But we found the Griffin to be more nimble and more enjoyable than the 9-5 four cylinder wagon we drove a few days earlier.

Like all non-sports suspension Saabs, the Griffin rewards an early turn-in, classic front-wheel drive cornering style.

It’s an understeering car, but we didn’t find the steering and cornering feel too nose-heavy, and we liked the oversteer-like feel as the rear end settled on to the outside rear wheel as the car exited bends.

Steering is communicative and not over-assisted. In fact at open road speeds it doesn’t feel assisted at all. We haven’t been able to discover if there are power steering differences between 9-5 models, but the Griffin’s felt much more precise around the straight-ahead than the set-up in the 9-5 wagon.

The car didn’t run wide on the exits from corners, but storming a winding road is probably not the Griffin’s forte and is almost certainly not its intended role.

It will do it, and do it securely and with no disconcerting moments but both car and driver are working fairly hard.

Its forte is as a long-legged business express, capable of covering distances at good speed, with safe handling and secure roadholding and with above average levels of comfort. Ride quality is outstanding and noise levels are muted.

Four-wheel disc brakes have a standard ABS anti-skid system and provide excellent stopping power. They’re enhanced by an electronic brake-force distribution system which takes account of the car’s load distribution to shift braking between front and rear wheels to reduce stopping distances.

The brakes pulled the 1600kg car up from high speed repeatedly with no sign of fade.

The cabin is beautifully-finished, though there was a niggling little rattle from somewhere in the dashboard/fascia.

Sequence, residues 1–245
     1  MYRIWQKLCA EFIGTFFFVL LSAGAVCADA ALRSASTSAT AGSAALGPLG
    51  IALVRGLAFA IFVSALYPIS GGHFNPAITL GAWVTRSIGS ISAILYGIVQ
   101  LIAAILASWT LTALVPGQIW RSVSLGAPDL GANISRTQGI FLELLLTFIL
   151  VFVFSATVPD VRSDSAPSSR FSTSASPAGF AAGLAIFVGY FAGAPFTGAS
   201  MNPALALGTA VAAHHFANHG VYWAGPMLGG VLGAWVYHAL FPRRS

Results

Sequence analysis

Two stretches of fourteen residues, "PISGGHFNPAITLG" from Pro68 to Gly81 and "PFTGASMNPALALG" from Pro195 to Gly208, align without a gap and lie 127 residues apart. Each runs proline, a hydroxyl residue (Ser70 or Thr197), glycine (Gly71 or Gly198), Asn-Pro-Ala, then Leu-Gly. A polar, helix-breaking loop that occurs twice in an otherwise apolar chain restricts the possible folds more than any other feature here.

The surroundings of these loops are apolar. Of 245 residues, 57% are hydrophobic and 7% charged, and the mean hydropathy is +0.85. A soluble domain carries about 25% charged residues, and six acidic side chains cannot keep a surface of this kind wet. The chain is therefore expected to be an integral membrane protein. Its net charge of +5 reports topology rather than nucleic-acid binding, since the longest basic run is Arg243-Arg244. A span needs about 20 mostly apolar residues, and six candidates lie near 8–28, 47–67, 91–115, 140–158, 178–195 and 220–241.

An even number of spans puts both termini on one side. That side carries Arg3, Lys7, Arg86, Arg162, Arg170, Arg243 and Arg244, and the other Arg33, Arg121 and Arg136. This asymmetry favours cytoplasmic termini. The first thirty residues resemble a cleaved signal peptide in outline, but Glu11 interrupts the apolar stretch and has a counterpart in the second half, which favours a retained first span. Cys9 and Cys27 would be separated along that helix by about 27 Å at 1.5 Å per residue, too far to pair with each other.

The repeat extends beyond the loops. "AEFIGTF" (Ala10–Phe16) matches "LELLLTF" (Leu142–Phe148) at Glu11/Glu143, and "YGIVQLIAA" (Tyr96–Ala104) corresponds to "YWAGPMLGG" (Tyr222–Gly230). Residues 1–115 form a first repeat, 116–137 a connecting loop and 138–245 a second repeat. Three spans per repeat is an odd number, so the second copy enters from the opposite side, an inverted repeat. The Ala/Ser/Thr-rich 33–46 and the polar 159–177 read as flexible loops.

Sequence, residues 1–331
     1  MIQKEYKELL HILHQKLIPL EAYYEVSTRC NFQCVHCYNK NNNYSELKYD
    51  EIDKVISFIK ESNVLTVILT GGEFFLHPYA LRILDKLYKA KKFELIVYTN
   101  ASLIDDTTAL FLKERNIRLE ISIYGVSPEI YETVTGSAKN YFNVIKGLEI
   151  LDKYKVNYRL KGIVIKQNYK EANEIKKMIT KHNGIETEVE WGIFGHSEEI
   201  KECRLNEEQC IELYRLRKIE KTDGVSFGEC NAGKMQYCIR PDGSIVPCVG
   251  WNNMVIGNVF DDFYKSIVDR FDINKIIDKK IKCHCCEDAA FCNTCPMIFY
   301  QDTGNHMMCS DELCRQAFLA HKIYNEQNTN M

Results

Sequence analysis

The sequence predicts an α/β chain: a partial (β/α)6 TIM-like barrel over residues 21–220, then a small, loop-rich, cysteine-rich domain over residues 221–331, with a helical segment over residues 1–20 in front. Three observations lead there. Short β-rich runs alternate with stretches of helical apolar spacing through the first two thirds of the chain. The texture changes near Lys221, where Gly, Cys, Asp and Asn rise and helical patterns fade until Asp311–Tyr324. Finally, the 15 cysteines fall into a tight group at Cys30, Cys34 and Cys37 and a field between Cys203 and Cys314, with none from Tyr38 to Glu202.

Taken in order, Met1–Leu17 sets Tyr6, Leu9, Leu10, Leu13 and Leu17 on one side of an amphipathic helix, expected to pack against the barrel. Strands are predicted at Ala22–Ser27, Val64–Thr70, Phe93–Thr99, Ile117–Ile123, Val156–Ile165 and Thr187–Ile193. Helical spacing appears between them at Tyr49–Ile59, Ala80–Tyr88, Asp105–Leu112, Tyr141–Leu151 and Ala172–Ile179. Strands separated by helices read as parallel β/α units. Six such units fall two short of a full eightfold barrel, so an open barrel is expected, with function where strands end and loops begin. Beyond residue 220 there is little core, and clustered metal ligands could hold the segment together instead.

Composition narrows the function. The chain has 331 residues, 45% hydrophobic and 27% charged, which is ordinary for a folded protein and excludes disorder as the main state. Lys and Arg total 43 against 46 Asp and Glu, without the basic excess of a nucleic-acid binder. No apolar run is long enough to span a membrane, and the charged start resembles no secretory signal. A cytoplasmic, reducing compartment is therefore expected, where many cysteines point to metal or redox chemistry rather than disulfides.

The leather-upholstered seats are typically-Saab: perfectly-shaped, comfortable and providing excellent support.

The dashboard is finished in woodgrain, a feature we’re not always certain about. But it seemed in keeping with the generally plush Saab cabin and looked high quality.

The steering wheel is a mix of wood and leather rim finishes and was very nice to use.

Standard equipment is comprehensive. There’s automatic climate-control air-conditioning; separate heating controls for driver and passenger; front seat cushion and backrest warmers (great on frigid winter mornings – and incidentally the Griffin’s back seat gets a built-in heater too); an electrically-operated glass sunroof; electrically-operated windows and exterior mirrors; heated exterior mirrors; and electrically-adjustable front seats (the driver’s has a memory function to store settings). The gear selection lever is wood-finished.

The nine-speaker audio system provides superior sound and includes a six-disc Compact Disc player as well as a cassette deck.

Safety gear includes Saab’s usual thorough chassis design, and driver’s and front seat passenger’s front and side airbags.

Traction control and an automatic body-levelling system to compensate for loads are standard.

The luggage boot is deep, wide and capacious.

The Saab Griffin is a worthy entrant in the upper-luxury market. It’s a car of real character with a truly quality feel. It’s comfortable, fast and nimble enough and an excellent inter-city express.

And, following the price shift last November, it’s on the right side of $100,000.

AutoPoint road test team.